Search found 107 matches

by JChen_2I
Thu Oct 10, 2019 10:21 pm
Forum: Properties of Light
Topic: hw problem 1.A.15
Replies: 3
Views: 82

Re: hw problem 1.A.15

Just to clarify, we sub in 1 for n2 because n2 is the final energy level right? And n1 is the initial energy level? So it should be final n subtracted by the initial n
by JChen_2I
Thu Oct 10, 2019 9:45 pm
Forum: Properties of Light
Topic: HW 1A11
Replies: 1
Views: 41

HW 1A11

In the spectrum of atomic hydrogen, several lines are generally classified together as belonging to a series (for example, Balmer series or Lyman series). What is common to the lines within the series that makes grouping them together logical? Could someone explain the answer to this? I'm not sure I...
by JChen_2I
Thu Oct 03, 2019 5:08 pm
Forum: Balancing Chemical Reactions
Topic: H.25 Question
Replies: 3
Views: 96

Re: H.25 Question

We did this problem in our discussion and my TA said it's something you should just know like how O is O2
by JChen_2I
Thu Oct 03, 2019 5:06 pm
Forum: Empirical & Molecular Formulas
Topic: 5 Homework Problems Due
Replies: 21
Views: 260

Re: 5 Homework Problems Due

5 problems from any section under review of chemical and physical principles are good and due at this Friday's lecture. In the future, the five problems per week will be due to the professor. I'd recommend doing most or all of the problems anyway for practice though :)
by JChen_2I
Wed Oct 02, 2019 11:53 pm
Forum: SI Units, Unit Conversions
Topic: Fundamentals Practice Problem E3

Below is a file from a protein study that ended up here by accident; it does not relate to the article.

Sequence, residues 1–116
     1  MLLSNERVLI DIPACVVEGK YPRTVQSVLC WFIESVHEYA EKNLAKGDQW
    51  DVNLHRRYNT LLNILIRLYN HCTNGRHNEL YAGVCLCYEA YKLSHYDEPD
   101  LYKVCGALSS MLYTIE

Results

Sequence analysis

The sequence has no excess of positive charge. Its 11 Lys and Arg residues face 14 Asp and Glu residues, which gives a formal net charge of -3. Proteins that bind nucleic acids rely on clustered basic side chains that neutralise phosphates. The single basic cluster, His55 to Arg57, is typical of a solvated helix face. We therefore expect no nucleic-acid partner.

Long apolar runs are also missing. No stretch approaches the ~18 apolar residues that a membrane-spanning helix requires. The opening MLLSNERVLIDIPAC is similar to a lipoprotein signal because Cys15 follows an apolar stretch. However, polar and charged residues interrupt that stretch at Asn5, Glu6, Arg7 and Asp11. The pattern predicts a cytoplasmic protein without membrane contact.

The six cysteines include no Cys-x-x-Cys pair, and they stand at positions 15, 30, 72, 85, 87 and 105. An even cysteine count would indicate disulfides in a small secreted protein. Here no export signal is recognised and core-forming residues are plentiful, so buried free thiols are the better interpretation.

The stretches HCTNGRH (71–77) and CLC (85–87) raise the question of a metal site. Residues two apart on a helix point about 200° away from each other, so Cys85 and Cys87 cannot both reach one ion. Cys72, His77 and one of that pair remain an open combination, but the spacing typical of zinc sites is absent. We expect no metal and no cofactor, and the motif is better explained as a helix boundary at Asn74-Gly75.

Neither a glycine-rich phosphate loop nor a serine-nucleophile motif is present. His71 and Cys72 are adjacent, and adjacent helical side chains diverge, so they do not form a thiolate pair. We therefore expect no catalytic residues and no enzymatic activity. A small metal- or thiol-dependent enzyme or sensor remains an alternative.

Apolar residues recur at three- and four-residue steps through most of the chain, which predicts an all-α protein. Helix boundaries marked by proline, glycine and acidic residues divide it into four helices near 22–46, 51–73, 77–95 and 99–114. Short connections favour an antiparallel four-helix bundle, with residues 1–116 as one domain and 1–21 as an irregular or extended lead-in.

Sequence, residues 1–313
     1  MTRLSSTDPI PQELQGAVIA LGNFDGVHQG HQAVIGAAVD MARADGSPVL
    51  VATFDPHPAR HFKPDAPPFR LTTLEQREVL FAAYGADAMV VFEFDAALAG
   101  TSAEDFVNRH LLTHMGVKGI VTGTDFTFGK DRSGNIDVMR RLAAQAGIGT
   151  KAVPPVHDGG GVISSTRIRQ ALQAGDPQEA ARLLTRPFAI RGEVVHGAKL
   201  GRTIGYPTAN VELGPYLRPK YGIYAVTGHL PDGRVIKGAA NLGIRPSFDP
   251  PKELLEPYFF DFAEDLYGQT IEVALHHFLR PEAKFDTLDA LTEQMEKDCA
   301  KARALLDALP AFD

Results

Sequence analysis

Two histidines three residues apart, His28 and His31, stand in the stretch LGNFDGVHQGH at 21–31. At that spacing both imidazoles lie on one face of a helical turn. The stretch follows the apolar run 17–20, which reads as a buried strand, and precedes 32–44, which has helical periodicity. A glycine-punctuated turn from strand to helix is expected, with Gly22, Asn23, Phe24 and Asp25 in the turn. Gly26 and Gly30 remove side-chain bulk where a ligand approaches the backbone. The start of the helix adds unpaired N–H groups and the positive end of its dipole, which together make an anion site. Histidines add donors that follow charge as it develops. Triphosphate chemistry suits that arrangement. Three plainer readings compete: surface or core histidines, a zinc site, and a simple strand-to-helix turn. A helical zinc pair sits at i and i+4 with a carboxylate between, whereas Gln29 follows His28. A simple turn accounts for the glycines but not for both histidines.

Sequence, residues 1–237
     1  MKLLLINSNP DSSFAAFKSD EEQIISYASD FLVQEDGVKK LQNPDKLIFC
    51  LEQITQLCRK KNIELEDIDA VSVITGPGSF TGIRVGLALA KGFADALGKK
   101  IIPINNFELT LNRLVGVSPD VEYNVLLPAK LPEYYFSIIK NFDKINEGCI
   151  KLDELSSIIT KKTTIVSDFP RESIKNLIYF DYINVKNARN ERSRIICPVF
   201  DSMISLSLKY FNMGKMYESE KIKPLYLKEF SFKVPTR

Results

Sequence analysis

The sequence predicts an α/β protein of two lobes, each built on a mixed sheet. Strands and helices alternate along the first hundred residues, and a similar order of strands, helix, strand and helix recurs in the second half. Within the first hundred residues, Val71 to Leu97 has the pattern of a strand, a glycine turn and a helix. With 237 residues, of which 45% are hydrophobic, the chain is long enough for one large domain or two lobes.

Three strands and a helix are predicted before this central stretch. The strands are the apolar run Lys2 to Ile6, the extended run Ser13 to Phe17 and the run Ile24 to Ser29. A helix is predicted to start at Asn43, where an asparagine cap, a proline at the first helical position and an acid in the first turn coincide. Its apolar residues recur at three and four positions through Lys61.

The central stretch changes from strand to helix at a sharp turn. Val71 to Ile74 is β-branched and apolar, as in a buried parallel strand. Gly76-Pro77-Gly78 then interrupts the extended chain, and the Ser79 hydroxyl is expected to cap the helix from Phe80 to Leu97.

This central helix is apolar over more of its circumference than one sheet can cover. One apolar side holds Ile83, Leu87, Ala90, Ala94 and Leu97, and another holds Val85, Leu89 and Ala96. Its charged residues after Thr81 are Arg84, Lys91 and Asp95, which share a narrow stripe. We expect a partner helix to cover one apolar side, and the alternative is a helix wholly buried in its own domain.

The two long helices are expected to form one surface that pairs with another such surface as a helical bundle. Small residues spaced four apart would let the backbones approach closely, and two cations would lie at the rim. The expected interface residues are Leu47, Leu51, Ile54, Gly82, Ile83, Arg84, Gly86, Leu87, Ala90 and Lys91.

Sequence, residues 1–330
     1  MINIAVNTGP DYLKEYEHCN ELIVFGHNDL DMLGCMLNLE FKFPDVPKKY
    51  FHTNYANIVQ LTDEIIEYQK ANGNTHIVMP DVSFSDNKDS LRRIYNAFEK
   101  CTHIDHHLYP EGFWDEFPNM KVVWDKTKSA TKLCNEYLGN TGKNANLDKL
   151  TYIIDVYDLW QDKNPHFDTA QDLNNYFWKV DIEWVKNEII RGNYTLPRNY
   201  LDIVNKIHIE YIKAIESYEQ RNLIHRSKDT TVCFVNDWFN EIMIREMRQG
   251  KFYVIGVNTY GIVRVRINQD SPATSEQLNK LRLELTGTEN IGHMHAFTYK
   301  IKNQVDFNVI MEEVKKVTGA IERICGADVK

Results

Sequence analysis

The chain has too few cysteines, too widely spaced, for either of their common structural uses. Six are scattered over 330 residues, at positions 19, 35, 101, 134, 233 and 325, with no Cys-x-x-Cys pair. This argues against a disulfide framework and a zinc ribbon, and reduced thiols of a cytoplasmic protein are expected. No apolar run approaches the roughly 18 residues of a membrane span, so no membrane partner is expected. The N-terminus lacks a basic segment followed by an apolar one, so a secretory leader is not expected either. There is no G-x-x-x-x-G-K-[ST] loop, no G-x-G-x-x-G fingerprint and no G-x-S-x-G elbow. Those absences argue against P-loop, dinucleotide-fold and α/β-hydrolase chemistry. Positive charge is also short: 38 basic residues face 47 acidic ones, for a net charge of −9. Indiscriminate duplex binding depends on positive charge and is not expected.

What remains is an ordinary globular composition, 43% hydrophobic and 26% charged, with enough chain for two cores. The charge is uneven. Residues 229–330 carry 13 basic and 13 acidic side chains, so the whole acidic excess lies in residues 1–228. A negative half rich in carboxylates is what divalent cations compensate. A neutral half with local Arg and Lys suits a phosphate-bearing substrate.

Replies: 3
Views: 86

Re: Fundamentals Practice Problem E3

What I did was I counted 9 atoms of gallium in the picture and converted that value to moles then grams and I got 1.046 * 10^-21g of gallium. Then I took that value and converted it to moles of astatine then atoms and got 3 atoms of astatine.
by JChen_2I
Wed Oct 02, 2019 11:48 pm
Forum: Empirical & Molecular Formulas
Topic: Chapter F Problem 15
Replies: 4
Views: 85

Re: Chapter F Problem 15

You would solve for a sample of 100g therefore you'd have 67.49g of carbon, 4.60g of hydrogen, 12.45g of chlorine, 9.84g of nitrogen, and 5.62 g of oxygen. Convert these masses to moles using their molar mass and then divide by the smallest molar value which is chlorine with 0.3512 mol. Divide the m...
by JChen_2I
Wed Oct 02, 2019 4:41 pm
Forum: Balancing Chemical Reactions
Topic: Tips for Balancing Chemical Equations [ENDORSED]
Replies: 14
Views: 237

Re: Tips for Balancing Chemical Equations [ENDORSED]

I usually start with balancing the element that occurs the least and go from there. I like keeping a list of the number of atoms for each element on both sides (reactants and products) and updating the number as I balance and add coefficients. It helps you remember which elements are and aren't yet ...

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